The forced arbitration of claims arising out of statutory protections for consumers and employees has become a hot topic at the Kagan hearings. The parade of comments by Senators started even before the hearings began, with a written statement by Senator Leahy criticizing the Supreme Court’s 5-4 decision in Rent-a-Center v. Jackson, and similar remarks on the Senator floor by Senator Franken (video of which we’ve already posted here). The topic was raised again in Senator Whitehouse’s opening statement on Monday and in an extended colloquy between Franken and Kagan this morning.

In his statement, Leahy called the Rent-a-Center decision “a blow to our nation’s civil rights laws and the protections that American workers have long enjoyed under those laws.” He noted that (more…)

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From Consumer Law & Policy Blog: On the Senate floor, Senator Al Franken condemned the Supreme Court’s decision in Rent-A-Center v. Jackson (in which a 5-4 majority of the Court upheld the power of arbitration agreements to remove even threshold questions of validity from review by a court) and discussed how the case of Jamie Leigh Jones illustrates the effect of cases like Circuit City Stores v. Adams.

“Clearly this is a ruling that Congress needs to fix and I look forward to working with my colleagues to do so,” said Franken. “Sometimes it’s easy to forget that Supreme Court matters to average people, to our neighbors and our kids.”

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When the Supreme Court ruled last week in favor of Rent-A-Center in another controversial 5-4 decision, the justices again put the interests of corporations above those of the people.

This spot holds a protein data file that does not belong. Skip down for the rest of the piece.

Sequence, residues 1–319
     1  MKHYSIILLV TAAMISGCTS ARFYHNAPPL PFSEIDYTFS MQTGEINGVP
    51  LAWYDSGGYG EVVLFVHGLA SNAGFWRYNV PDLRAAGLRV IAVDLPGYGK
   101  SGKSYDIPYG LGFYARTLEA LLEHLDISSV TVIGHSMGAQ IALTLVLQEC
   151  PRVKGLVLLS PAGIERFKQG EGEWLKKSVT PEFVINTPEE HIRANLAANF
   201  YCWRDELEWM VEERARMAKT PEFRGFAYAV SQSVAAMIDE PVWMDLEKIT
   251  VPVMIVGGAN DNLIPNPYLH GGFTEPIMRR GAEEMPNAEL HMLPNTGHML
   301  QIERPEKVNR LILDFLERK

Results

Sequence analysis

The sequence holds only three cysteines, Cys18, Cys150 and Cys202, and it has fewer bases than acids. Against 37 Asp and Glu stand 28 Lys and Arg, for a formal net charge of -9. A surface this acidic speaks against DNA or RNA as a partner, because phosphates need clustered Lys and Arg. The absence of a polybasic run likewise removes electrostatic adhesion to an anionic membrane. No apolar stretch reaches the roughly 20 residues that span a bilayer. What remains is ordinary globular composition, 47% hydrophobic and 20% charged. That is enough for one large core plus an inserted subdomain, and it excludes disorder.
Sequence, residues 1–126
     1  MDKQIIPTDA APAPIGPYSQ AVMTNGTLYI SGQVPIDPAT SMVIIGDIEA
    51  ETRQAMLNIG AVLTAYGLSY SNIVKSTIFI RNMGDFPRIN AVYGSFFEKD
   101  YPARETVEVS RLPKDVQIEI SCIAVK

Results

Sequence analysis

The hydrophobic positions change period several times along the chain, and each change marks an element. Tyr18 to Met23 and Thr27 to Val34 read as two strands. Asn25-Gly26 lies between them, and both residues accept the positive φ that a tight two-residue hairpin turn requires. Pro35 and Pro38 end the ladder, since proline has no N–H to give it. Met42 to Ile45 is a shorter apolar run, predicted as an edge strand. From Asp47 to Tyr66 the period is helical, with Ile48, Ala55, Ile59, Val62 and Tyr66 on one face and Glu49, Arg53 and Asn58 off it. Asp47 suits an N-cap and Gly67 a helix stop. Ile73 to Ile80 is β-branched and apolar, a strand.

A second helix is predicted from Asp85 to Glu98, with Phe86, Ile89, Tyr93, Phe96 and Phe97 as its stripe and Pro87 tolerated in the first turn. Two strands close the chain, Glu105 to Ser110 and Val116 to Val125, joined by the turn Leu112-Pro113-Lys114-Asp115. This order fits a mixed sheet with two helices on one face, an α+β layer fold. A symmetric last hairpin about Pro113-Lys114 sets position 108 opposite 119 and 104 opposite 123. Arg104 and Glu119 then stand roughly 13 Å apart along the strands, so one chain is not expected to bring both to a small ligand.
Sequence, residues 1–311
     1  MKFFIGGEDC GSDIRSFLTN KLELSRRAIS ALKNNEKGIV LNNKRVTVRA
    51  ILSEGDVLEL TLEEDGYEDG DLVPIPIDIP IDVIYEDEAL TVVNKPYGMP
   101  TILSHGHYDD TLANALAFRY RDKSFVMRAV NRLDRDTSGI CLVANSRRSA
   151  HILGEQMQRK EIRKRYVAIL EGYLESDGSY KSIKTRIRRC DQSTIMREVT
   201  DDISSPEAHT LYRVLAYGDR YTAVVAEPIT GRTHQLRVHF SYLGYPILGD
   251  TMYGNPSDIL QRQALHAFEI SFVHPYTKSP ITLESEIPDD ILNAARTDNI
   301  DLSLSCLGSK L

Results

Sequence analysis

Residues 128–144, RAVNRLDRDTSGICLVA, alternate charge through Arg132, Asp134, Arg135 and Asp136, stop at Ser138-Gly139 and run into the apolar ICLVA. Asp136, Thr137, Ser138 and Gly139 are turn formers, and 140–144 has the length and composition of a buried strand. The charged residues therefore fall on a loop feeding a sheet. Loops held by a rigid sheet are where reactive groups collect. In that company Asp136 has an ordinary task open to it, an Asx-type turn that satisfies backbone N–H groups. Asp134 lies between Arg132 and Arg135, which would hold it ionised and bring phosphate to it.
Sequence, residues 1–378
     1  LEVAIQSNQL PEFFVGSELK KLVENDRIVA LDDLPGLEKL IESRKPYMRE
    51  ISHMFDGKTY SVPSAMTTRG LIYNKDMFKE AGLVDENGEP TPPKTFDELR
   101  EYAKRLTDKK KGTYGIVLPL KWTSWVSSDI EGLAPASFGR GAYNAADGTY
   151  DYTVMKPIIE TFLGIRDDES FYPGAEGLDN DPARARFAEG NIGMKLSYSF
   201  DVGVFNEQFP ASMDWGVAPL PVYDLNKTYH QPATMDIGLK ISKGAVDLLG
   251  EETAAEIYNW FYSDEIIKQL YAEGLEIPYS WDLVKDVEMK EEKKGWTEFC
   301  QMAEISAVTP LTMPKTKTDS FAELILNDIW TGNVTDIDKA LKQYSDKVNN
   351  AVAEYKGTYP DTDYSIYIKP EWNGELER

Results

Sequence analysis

The New York Times published this great editorial about it over the weekend, highlighting the absurdity of SCOTUS’s decision:

The court ruled last Monday there was nothing wrong with requiring that the fairness of an arbitration clause be determined by — an arbitrator.

Congress is working to fix the problems with mandatory binding arbitration agreements as the members hash through the Arbitration Fairness Act (H.R. 1020 and S. 931) and the Fairness in Nursing Home Arbitration Act (H.R. 1237 and S. 512).

While it was scheduled for markup last week, the committee did not get to the AFA and the nursing home bill last Wednesday. Stay tuned for a rescheduled date for Congressional action on these bills because your representatives in Congress will need to hear from you.

Learn more about forced arbitration and the problems with it.

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From the Consumer Law & Policy Blog: A divided Supreme Court today dealt a major blow to consumers and employees seeking to challenge arbitration agreements on the ground that they are unfair or unconscionable. Public Citizen was co-counsel in the case, Rent-a-Center v. Jackson, and will be spearheading efforts in Congress to curtail its effects.

In a 5-4 decision by Justice Scalia, the Court held that if a company’s arbitration agreement includes a clause delegating fairness challenges to the arbitrator, a court must enforce that agreement and send the matter to arbitration. The Court’s decision arose out of an employment discrimination claim brought by Antonio Jackson, an African-American Nevada man, against his former employer. When Mr. Jackson sued, the company invoked its arbitration agreement and claimed that, under the agreement, any challenges to the agreement had to be decided by the arbitrator.

Until today’s Supreme Court decision, consumers and employees had the right, under Section 2 of the Federal Arbitration Act, to go to court and ask a judge to find an arbitration agreement unconscionable or unfair and therefore unenforceable. Although most arbitration agreements are enforceable, court review weeded out the very worst abuses—like imposing exorbitant fees, forcing consumers or employees to travel great distances to arbitrate, or allowing a corporation to pick an arbitrator that is clearly biased in its favor. (more…)